i.e. you wouldn't want the little boy with the bony chest to come knocking
at the door. I think it's that sort of intrusion, yes, a sort of personal
contact you don't really want.
The intimacy of their relationship to their vehicle and their desire to
be alone with their own thoughts, must in some cases stop people giving
lifts. A young publisher interviewee expressed precisely such a feeling:
I have this desire to be alone when I can be alone and ... not have
it infringed .... yet he added that at a lonely period of his life
he did give lifts seeing the hitch-hiker as an alternative to allowing
himself to remain prey to brooding thoughts. In other words the intimacy
and privacy of the car can become too much for a driver and he will decide
to alleviate his isolation by sharing it.
Even when he does give a lift the driver is able to preserve much of his
apartness. The people involved have no previous knowledge of each other
and they are pretty sure they will not meet again. The situation offers
no easy means of identification of one by the other, unless the hitcher
is moved to take down the car's number. Often after three hours together
the driver and the hitcher don't even know each other's names, and if they
do they are likely to be first names not surnames. In other words it is
a situation that offers remarkable anonymity. It is usually a once and
for all meeting with no follow-up. The vehicle offers absolute privacy,
unlike most other meeting places for mutual strangers, such as train compartments,
buses, pubs, queues, waiting rooms, dance halls etc. The initial problem
most Englishmen, at least middle class ones, face in meeting a stranger
is how to make the first contact without risk of rebuff or cold response.
Within the convention of lift giving this awesome psychological barrier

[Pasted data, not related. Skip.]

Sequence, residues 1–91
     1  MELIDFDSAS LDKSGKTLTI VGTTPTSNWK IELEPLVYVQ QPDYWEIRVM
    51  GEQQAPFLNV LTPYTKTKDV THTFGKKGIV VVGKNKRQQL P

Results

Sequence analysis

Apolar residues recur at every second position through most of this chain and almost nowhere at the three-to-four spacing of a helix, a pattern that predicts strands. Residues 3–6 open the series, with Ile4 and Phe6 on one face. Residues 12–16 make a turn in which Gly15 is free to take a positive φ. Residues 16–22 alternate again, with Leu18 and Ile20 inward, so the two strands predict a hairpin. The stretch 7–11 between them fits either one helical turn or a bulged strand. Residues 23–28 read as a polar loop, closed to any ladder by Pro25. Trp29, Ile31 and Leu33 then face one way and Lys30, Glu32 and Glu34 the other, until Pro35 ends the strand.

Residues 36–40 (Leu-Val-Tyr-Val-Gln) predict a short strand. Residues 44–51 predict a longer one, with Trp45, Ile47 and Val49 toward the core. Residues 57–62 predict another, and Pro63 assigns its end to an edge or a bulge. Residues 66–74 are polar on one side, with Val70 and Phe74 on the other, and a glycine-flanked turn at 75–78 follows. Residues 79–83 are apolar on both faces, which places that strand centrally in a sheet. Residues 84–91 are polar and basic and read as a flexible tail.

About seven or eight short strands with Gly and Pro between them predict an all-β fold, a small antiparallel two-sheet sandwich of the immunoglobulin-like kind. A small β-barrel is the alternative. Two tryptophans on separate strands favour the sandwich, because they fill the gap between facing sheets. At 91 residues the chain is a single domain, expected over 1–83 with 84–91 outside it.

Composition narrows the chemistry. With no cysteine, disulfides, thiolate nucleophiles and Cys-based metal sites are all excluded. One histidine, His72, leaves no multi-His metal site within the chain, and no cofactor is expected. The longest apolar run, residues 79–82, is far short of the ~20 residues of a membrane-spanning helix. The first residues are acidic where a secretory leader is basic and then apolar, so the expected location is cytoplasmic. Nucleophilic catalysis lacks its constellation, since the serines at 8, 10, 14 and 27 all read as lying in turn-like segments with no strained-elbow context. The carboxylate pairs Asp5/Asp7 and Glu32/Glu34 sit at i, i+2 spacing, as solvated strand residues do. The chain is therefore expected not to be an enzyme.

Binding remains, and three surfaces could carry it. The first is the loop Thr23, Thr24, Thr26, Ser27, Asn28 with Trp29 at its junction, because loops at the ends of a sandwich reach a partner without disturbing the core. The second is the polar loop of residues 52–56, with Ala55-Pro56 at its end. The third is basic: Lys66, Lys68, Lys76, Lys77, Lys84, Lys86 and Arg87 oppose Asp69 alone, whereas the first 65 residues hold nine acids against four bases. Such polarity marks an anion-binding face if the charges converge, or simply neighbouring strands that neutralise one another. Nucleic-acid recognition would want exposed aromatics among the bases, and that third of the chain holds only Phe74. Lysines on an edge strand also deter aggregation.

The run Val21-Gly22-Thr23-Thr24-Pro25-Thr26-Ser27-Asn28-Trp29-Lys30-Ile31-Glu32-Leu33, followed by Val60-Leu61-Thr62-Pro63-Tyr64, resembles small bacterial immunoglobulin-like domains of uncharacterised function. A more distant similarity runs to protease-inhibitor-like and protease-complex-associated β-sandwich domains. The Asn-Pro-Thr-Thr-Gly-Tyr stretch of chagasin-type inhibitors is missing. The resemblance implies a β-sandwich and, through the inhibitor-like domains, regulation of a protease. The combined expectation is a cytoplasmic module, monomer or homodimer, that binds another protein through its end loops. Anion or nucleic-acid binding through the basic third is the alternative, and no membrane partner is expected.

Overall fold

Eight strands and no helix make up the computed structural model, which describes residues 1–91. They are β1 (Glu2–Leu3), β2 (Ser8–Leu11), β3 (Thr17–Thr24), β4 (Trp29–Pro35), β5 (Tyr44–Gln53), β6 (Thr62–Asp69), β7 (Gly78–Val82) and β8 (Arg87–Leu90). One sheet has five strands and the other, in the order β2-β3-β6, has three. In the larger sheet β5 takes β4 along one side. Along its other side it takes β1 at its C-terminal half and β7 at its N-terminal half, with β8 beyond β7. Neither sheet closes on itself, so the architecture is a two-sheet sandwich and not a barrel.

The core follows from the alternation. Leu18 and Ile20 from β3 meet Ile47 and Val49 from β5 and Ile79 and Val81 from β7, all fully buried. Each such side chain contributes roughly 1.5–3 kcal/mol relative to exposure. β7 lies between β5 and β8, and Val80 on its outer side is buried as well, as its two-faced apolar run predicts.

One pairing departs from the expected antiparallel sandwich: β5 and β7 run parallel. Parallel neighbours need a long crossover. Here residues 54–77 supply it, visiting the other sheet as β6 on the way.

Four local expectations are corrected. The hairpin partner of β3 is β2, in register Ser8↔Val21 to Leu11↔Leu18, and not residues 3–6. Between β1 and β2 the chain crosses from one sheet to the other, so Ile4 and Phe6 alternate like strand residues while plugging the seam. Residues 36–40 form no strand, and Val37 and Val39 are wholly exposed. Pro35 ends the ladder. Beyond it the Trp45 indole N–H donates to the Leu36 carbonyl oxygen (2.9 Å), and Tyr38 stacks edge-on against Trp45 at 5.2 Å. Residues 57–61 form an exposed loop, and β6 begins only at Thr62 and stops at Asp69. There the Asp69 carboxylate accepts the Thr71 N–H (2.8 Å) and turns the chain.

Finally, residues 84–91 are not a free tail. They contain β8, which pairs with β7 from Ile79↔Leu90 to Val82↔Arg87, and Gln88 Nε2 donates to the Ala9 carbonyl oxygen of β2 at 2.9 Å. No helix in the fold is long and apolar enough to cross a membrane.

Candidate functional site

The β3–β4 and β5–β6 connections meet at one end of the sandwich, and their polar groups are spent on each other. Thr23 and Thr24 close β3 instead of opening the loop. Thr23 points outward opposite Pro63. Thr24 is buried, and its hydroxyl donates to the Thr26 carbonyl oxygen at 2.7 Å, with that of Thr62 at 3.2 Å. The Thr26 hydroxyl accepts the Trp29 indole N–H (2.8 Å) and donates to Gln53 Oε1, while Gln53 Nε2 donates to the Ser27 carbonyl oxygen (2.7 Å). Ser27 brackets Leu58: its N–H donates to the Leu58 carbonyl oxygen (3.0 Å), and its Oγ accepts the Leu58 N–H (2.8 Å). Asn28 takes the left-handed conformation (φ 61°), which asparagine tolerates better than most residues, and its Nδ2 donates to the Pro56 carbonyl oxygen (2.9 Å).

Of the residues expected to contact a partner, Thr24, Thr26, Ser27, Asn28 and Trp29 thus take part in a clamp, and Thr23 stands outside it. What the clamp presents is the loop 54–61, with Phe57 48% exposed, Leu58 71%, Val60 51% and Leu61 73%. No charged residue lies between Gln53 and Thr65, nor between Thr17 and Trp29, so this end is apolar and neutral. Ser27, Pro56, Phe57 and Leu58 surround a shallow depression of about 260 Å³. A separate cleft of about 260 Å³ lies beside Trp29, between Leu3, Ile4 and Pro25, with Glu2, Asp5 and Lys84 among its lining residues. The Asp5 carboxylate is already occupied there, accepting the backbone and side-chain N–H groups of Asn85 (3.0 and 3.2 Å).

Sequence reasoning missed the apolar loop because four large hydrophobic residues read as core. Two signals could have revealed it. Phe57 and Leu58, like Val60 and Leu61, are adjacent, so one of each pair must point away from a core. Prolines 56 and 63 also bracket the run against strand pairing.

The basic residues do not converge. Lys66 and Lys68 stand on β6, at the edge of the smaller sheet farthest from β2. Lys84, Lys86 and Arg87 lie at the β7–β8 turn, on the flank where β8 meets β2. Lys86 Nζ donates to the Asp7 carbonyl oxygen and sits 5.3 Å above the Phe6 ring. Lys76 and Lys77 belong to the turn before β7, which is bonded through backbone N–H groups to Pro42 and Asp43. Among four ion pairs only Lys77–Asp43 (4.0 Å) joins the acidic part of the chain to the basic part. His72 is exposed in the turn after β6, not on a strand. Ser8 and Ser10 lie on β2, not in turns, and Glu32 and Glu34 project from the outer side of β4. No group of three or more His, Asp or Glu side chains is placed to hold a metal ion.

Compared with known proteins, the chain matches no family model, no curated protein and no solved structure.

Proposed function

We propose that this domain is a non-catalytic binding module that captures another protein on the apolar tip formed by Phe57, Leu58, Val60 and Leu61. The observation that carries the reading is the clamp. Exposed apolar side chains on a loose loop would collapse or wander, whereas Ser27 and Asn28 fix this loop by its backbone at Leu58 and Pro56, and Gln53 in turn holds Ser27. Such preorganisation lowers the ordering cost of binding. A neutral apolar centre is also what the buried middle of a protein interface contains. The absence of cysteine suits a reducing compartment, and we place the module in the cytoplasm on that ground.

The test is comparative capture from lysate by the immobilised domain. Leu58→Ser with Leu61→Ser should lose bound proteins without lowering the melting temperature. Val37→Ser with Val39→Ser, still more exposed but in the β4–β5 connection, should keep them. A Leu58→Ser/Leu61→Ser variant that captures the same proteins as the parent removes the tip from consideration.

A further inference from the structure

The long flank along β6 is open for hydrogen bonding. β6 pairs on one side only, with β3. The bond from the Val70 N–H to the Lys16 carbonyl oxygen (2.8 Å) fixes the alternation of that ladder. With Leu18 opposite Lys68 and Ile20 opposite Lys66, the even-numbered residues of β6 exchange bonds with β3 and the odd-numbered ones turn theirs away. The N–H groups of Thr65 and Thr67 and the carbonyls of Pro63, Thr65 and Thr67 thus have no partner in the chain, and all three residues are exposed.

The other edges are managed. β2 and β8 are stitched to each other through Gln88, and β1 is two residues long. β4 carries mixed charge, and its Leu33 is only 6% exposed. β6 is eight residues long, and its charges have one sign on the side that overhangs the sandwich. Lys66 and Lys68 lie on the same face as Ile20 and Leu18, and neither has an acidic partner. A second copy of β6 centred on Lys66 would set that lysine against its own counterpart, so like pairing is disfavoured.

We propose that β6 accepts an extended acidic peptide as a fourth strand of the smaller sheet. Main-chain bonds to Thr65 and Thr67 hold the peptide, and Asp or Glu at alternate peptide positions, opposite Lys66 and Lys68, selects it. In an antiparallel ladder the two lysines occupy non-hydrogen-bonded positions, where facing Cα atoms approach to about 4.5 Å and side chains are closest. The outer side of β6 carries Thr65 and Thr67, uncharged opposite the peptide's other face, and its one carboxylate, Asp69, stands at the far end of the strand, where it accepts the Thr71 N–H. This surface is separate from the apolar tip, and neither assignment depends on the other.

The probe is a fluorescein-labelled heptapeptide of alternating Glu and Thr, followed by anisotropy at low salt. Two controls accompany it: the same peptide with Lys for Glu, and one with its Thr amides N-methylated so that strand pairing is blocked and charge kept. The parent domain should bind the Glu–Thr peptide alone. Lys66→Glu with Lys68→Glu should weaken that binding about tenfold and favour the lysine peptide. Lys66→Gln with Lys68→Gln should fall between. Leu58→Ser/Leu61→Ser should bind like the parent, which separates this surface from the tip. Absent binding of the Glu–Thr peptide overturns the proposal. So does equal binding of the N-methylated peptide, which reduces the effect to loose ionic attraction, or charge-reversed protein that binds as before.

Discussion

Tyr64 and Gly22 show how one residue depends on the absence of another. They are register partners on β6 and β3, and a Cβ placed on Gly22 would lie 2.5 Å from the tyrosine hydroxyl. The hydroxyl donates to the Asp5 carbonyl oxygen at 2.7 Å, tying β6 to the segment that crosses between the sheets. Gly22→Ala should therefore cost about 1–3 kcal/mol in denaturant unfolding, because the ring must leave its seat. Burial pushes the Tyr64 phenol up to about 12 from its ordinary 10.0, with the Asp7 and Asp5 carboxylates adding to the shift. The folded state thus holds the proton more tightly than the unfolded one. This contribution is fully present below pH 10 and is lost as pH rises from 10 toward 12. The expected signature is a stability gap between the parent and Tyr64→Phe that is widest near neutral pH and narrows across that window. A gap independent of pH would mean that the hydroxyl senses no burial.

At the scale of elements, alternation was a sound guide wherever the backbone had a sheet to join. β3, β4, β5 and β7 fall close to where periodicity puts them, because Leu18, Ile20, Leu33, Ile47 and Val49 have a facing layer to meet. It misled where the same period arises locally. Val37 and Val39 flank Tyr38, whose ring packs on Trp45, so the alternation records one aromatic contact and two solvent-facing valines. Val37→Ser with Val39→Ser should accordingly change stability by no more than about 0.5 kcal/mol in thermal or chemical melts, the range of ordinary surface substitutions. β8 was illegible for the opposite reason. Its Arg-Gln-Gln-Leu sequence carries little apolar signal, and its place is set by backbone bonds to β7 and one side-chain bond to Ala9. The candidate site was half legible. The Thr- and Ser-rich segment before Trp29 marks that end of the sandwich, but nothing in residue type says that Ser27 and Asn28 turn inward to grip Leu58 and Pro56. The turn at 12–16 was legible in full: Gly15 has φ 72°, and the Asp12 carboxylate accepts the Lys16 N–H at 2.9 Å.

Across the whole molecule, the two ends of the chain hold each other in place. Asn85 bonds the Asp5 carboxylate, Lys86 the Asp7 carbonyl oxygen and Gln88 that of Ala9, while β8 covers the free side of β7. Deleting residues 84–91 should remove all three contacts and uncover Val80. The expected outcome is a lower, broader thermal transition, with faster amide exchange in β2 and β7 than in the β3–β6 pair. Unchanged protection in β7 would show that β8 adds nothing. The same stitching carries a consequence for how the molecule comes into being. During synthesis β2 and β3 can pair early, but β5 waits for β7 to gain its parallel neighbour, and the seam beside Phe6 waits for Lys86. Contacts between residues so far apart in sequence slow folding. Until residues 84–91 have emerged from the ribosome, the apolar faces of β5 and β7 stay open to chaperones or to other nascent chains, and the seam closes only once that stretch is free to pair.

does not exist. The initial contact is made by the opening of the vehicle
door and the exchange of information on mutual destinations.
Should the driver feel the need to talk about his own problems the lift
situation is anonymous enough to be safe and yet intimate enough to make
it easy to express feelings it would seem impossible to divulge to a stranger
in almost any other setting. To a driver preoccupied with his own problems
the hitch-hiker sometimes provides a heaven-sent opportunity for unburdening
for release of pent-up emotions and even occasionally for confession of
guilty feelings. For the driver the car is part of his own intensely personal
environment, but with the advantage of anonymity as far as the thumber's
perception of it is concerned. He is the dominant partner in the ensuing
dialogue, he holds the initiative, he can demand and usually get an acceptant
attitude in the other person.
It seems to be a fairly common hitch-hiking experience that some people
do pick you up to unburden themselves of their secret troubles, worries
and fantasies, hiding securely behind the namelessness granted by the lift
giving convention. So, according to a Liverpool student:
... they tell you about their wives, they tell you about the most
.... I remember a lorry driver who was telling me all about his wife and
it was quite terrible .... Yes, this is the thing: people can grab hold
of someone they don't know to unburden themselves, and I've found this
quite a few times with hitch-hiking....
A driver will sometimes stop and pick someone up because he is boiling
over with rage and needs to give vent to it. Once on the road from Paris
to Calais a man stopped for me and as he opened the door I saw a pool of
bluish-red vomit swilling round on the floor below the passenger seat --
it was without body, entirely liquid. He spent the next 15 kilometres telling
me he'd picked up a drunk further back down the road and how the man had
spewed up. He told the simple tale three or four times, indignantly demanding
to know if I approved of a hitch-hiker behaving that way. Acceptantly I
agreed that his indignation was justified and loyally I served the purpose
for which he had picked me up -- to earth his anger.
A driver sometimes picks people up because he has an overpowering urge
to escape from at least physical aloneness. This was the case with Miles
Giffard who on November 7th 1952 battered his parents to death with a length